On Friday afternoon at Reliant Stadium, Texans linebacker Brian Cushing met with the media for the first time since suffering a season-ending torn ACL on Monday night against the New York Jets.
Cushing quietly walked to his locker from the training room toward the end of players' media availability period, which is usually short and uneventful on Fridays. He walked without crutches, without noticeable discomfort and, aside from a sleeve covering the lower half of his injured left leg, looked the same as he did a week ago.
The defensive captain stood at his locker for several minutes answering questions from a small group of reporters.
How are you doing, Brian?
"I'm doing well," he said. "It's all part of the game, so the next step is just to get healthy and get back on the field as fast as I can."
How tough is it for you to deal with all this?
"Obviously, I'd like to be on the field, but signing up for this game, I understand this is a part of it. It's been a long time since I was injured last. But my responsibility is to get healthy and get back to this team."
What did you think about the league fining Jets guard Matt Slauson $10,000 for the hit that knocked you out for the year?
"I don't think anything's going to change, really, from that. They can do whatever they want. I'm just worried about getting back and getting healthy again and feeling good. That was up to them. Whether they do it or not… It's not going to change how my knee feels or when I'll get back on the field. That's just up to me now, the doctors, and (I'll) rehab as best as I can."
Do you think it was it a legal hit?
"I'm not sure. Whether it was or it wasn't, I'm not playing for a while. So that's not going to change my opinion on anything. It happened. I'm not a guy that's going to look back into the past and see what I could've done differently. I'm going to look into the future and see how I can improve."
Has Slauson reached out to you?
What was it like watching the game, in your hometown, on crutches in the second half?
"Definitely not the way I would've envisioned it. But I'm the kind of guy that remembers that kind of stuff. Remember how I feel. I'll never forget the pain I was going through, more mentally than anything else, in just having to sit out. When rehab gets stuff and the offseason's long, I'll remember those moments, (and think about) just how sweet it will be to come back and play football again."
What was it like when you welcomed all of your teammates coming back into the tunnel after the game, knowing you weren't going to be able to play again this year?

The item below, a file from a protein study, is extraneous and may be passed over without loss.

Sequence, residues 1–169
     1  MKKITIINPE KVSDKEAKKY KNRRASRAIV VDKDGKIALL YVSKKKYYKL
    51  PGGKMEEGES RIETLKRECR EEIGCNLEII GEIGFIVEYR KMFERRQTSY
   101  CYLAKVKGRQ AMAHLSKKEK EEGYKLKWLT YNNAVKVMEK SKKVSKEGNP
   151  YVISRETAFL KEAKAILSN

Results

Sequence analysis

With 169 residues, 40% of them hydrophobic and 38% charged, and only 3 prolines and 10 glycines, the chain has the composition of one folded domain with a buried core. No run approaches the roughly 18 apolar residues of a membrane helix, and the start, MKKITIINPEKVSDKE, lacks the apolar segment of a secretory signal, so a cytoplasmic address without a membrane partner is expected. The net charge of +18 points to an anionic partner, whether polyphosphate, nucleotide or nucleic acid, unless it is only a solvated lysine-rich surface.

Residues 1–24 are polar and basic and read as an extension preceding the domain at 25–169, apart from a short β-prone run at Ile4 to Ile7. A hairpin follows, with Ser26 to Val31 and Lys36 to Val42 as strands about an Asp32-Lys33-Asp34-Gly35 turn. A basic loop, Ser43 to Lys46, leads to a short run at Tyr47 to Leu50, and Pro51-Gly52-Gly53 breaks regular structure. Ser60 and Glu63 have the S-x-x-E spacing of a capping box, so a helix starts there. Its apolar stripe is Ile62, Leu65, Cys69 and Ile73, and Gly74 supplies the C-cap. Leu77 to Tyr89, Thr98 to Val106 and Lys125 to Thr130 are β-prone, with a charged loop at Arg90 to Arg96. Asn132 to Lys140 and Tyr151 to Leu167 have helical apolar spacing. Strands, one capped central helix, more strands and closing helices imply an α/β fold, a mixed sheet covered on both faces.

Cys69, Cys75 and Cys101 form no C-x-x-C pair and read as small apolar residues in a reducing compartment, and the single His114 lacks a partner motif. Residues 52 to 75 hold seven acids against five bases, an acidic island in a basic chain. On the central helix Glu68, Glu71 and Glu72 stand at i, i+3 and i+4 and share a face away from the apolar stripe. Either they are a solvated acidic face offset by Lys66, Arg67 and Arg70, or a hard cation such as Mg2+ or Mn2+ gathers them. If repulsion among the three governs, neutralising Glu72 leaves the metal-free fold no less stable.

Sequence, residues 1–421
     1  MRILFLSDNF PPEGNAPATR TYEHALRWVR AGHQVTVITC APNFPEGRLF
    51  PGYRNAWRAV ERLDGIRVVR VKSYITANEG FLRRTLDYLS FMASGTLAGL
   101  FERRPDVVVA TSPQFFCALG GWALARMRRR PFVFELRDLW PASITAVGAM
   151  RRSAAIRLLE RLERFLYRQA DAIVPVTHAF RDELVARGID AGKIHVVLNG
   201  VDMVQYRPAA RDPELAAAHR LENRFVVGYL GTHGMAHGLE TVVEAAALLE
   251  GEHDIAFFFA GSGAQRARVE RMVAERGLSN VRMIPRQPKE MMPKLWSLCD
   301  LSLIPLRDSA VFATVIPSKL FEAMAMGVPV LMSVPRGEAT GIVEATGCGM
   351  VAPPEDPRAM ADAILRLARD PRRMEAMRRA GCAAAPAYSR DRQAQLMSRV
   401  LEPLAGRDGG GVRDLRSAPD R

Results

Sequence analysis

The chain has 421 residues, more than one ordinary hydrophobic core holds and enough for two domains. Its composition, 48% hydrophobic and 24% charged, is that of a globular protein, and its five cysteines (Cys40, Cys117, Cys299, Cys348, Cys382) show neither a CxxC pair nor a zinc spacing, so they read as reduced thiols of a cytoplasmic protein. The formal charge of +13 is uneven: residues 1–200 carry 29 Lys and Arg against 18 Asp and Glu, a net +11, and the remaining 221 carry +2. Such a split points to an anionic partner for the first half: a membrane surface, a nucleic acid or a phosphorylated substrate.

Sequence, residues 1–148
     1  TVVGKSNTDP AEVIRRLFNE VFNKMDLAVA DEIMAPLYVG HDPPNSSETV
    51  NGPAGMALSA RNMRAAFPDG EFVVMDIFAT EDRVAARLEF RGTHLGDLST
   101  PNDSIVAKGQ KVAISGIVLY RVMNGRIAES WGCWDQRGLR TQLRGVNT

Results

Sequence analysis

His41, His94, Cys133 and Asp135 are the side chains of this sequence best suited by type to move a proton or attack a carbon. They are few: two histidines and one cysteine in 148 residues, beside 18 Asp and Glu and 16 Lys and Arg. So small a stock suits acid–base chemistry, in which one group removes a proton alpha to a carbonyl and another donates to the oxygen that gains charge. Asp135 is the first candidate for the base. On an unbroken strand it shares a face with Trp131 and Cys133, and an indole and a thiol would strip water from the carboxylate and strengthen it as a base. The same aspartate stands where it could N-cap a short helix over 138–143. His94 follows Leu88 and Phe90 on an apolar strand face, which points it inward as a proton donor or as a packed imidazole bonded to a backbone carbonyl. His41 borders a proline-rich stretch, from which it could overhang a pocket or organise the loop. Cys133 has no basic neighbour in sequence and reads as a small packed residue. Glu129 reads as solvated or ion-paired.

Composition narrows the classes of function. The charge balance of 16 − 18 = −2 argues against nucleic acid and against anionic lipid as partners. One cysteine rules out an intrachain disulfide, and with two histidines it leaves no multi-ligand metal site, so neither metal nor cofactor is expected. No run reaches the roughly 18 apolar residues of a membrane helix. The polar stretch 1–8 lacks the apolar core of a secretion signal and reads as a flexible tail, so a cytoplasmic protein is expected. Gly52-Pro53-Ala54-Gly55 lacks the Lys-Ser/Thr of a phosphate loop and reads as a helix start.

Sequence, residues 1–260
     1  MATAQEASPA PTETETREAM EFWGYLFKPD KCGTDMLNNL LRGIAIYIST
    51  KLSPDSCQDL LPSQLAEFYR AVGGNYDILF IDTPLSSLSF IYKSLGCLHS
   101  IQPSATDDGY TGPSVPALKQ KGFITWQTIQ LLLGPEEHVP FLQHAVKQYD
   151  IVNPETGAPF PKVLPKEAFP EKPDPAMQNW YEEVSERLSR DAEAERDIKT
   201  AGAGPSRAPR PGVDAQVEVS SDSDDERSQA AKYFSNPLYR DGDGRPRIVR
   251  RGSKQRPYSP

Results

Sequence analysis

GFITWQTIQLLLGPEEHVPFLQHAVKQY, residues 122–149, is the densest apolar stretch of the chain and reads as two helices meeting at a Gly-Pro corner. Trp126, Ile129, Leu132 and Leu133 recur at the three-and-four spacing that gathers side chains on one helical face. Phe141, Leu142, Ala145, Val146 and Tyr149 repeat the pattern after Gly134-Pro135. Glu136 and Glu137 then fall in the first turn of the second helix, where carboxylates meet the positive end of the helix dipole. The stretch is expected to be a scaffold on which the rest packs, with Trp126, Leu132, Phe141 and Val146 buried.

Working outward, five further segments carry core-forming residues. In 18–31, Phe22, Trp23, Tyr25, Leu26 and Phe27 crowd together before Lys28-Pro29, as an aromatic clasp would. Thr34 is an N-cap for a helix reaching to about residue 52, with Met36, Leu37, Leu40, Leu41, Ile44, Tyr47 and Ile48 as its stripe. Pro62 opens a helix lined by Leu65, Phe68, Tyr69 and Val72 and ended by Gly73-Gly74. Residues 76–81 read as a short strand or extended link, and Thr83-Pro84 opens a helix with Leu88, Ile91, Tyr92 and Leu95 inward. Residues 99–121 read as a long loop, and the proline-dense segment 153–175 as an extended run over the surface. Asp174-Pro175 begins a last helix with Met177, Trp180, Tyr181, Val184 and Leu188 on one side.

"I'm the kind of guy that had to accept it real quick. My role completely changed in a matter of minutes. Whatever I can do now to help these guys, I'm going to. This team's still going to win, this team's still going to prepare the same. They're going to be great. I'm going to do everything I can to help them be the best they can."
What has the community since the injurysupport meant to you?
"It's been awesome. It's been really special. It's a great team, city and just environment to be a part of. When something like that happens and everyone's got your back, it's a hell of a feeling."
What about the support from inside the locker room, the outpouring of your teammates saying what you mean to them?
"It's special. It really is. When you have that much respect from your teammates, that's what you play for. It just makes me want to get healthy that much quicker and, when I do, I'll just play that much harder for them."
Texans coach Gary Kubiak said Friday that Cushing has been at Reliant Stadium every day since his injury, working and "letting his teammates know he's got confidence in 'em and to keep plugging."
"I want to be around," Cushing said. "I want to be here for the guys and help them as best as I can, whether it's in spirit or coaching tips or whatever. I'm going to be here every single practice, every single day, just doing whatever I can. I've got a new role now, and I've accepted it."
Before his injury, Cushing's role was the on-field leader of one of the league's best defenses. He led the pregame huddle each week and got his teammates fired up for kickoff. He was the Texans' tone-setter, their leading tackler, their sideline-to-sideline playmaker in the middle of the defense.
Now, his role is to support the team from the sideline, in meeting rooms, in street clothes.
"Different guys are going to play that haven't before and get used to different roles and whatnot, but I'm excited," Cushing said. "It's the 'Next Man Up' kind of attitude, and I think that we're going to do a good job. We definitely dealt with a lot of adversity last year, especially from an injury standpoint.
"I think this team's strong. This is a mentally strong team that's built with a lot of depth, so I'm not too concerned about that, and I know whoever steps into that role, or whether it's all 11 guys collectively, they're going to do a great job."
Cushing does not yet have a timetable for his return. He also has not decided who will perform his surgery, which should be in 2-3 weeks once the swelling in his knee subsides.
"I'm going to be smart, make sure that when I do come back on the field I'll be 100 percent," he said. "Whenever that is, I will be 100 percent, and I'll just make sure I'm better than ever."